By Allan Ingram;Michelle Faubert

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The truth is a very simple one, but the grasping of it is inhibited by problems of scale. By the end of Gulliver’s Travels the scrutiny needed is less straightforward, and a magnifying glass an insufficiently subtle implement for conducting it. Perspective, however, continues to work both ways. Captain Mendez is clearly correct in his suspicions of Gulliver’s travels. He has only this odd man and his odd scraps of an account to go on. He is not a physician, still less a mad-doctor. Gulliver, equally, is correct: he bears the scars, and Captain Mendez is a Yahoo.

12. Sander L. Gilman, Health and Illness: Images of Difference, London: Reaktion Books, 1995, p. 12. 13. See Tina Stern, ‘The Language of Illness: Three First-Person Accounts of Depression’, in Crossing Borders: Studies in the Literary Imagination, vol. XXXVI, No. 2, autumn 2003, ed. Allan Ingram, Atlanta: Georgia State University. 14. Gilman, Health and Illness, pp. 11–12. 15. Gilman, Health and Illness, p. 31. 16. John Haslam, Observations on Insanity, with Practical Remarks on the Disease and an Account of the Morbid Appearances on Dissection, London: F.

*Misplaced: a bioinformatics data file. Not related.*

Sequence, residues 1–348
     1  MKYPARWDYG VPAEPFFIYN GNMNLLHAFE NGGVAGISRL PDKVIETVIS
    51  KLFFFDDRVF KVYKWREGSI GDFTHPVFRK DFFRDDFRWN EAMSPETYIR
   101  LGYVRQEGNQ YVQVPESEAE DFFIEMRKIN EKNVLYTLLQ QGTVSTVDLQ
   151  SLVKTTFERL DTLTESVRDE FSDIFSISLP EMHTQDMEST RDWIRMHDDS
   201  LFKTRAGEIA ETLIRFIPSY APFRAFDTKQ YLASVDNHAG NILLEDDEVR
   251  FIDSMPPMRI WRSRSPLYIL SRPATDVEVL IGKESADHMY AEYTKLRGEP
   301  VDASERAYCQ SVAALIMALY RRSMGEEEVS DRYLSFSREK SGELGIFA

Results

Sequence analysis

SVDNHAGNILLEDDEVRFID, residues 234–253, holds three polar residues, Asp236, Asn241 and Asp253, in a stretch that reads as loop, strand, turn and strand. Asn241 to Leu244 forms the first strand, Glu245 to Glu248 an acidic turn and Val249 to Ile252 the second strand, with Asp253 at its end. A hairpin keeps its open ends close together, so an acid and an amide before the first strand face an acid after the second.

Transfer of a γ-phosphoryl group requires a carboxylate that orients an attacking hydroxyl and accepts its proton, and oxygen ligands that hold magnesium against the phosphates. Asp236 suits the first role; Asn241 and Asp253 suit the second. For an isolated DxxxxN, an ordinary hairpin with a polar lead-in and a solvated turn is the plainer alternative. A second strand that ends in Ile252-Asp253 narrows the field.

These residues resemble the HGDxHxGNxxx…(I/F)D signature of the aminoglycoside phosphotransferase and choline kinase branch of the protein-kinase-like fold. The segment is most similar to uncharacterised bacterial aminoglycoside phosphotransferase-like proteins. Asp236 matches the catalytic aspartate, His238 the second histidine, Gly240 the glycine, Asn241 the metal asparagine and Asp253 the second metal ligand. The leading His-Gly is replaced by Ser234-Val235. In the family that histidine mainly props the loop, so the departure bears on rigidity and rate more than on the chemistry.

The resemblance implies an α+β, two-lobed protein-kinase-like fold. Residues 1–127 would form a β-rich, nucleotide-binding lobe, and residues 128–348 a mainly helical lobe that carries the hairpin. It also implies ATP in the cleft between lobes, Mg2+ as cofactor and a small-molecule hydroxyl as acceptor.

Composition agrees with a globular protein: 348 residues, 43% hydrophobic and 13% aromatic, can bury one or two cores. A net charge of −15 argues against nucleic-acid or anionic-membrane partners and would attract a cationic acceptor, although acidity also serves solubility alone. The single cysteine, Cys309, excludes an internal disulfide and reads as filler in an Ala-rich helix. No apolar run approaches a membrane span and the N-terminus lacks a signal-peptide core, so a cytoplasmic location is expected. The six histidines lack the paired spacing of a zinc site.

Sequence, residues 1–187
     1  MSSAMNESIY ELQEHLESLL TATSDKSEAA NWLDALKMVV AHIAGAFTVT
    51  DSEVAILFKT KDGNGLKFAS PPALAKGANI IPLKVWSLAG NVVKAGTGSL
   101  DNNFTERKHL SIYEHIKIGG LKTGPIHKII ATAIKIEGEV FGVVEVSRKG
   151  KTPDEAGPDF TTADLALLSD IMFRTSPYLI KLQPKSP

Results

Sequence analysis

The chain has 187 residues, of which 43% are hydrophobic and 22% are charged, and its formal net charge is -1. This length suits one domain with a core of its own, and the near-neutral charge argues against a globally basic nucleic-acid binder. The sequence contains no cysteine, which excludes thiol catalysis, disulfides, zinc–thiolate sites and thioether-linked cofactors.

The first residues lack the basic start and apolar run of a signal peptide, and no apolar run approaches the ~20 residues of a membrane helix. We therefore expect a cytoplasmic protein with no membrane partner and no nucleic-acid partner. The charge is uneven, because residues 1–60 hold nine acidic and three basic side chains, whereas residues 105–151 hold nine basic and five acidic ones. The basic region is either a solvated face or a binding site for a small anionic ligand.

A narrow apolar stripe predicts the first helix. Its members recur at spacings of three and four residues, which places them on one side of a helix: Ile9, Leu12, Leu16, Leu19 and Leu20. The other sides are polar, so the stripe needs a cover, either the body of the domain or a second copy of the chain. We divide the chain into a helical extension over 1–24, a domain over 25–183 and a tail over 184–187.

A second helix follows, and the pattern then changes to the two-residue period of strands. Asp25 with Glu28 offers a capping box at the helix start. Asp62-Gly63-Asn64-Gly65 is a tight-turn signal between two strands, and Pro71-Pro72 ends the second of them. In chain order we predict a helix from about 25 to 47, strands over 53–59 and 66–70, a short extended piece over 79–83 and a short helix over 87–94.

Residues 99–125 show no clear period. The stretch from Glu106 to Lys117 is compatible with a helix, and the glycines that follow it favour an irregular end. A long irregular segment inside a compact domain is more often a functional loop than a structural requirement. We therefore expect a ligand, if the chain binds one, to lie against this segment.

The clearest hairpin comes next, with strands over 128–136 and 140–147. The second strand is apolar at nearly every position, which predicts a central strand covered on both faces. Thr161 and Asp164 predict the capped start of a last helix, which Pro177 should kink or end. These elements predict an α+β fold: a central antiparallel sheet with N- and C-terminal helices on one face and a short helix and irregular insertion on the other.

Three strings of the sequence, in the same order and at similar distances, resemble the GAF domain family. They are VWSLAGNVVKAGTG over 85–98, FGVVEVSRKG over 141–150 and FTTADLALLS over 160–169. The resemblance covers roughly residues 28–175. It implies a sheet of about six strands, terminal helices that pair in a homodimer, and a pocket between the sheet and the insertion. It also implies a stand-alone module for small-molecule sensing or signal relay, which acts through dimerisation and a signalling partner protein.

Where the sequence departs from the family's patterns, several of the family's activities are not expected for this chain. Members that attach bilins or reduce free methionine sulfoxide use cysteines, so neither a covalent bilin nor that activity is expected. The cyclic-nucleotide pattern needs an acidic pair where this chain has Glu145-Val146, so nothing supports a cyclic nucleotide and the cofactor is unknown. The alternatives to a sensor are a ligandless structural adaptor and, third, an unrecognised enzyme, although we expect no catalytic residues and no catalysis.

If Book XXIV sees the legitimate conclusion to proper heroic battle rage, it also, with great delicacy and with a minimum of divine intervention, brings about the resolution of Achilles’ insanity. The ‘Exploits of Achilles’, as Pope calls them in a footnote,25 begin early in Book XX. From the outset they are motivated by both a specific and a general purpose, each of which is utilised by Pope in terms of developing the insanity of the hero. The specific is the quest for Hector, in vengeance and retribution for the death of Patroclus: While thus the Gods in various League engage, Achilles glow’d with more than mortal Rage: Hector he sought; in search of Hector turn’d His Eyes around, for Hector only burn’d; And burst like Light’ning thro’ the Ranks, and vow’d To glut the God of Battles with his Blood.

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